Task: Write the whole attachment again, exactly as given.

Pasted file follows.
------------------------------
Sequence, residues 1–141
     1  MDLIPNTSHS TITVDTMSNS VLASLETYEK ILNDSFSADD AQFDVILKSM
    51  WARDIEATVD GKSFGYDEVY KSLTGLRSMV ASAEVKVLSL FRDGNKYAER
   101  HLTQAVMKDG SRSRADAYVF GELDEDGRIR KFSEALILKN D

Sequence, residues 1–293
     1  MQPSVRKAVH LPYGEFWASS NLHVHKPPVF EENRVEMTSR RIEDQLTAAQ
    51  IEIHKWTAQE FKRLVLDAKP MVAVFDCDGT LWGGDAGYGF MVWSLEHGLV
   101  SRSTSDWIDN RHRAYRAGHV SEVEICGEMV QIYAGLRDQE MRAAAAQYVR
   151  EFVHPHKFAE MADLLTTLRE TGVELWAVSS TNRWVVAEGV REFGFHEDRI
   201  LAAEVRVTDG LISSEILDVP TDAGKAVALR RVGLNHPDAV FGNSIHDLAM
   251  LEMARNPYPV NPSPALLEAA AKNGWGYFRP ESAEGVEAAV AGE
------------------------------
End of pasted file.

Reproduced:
Sequence, residues 1–141
     1  MDLIPNTSHS TITVDTMSNS VLASLETYEK ILNDSFSADD AQFDVILKSM
    51  WARDIEATVD GKSFGYDEVY KSLTGLRSMV ASAEVKVLSL FRDGNKYAER
   101  HLTQAVMKDG SRSRADAYVF GELDEDGRIR KFSEALILKN D

Sequence, residues 1–293
     1  MQPSVRKAVH LPYGEFWASS NLHVHKPPVF EENRVEMTSR RIEDQLTAAQ
    51  IEIHKWTAQE FKRLVLDAKP MVAVFDCDGT LWGGDAGYGF MVWSLEHGLV
   101  SRSTSDWIDN RHRAYRAGHV SEVEICGEMV QIYAGLRDQE MRAAAAQYVR
   151  EFVHPHKFAE MADLLTTLRE TGVELWAVSS TNRWVVAEGV REFGFHEDRI
   201  LAAEVRVTDG LISSEILDVP TDAGKAVALR RVGLNHPDAV FGNSIHDLAM
   251  LEMARNPYPV NPSPALLEAA AKNGWGYFRP ESAEGVEAAV AGE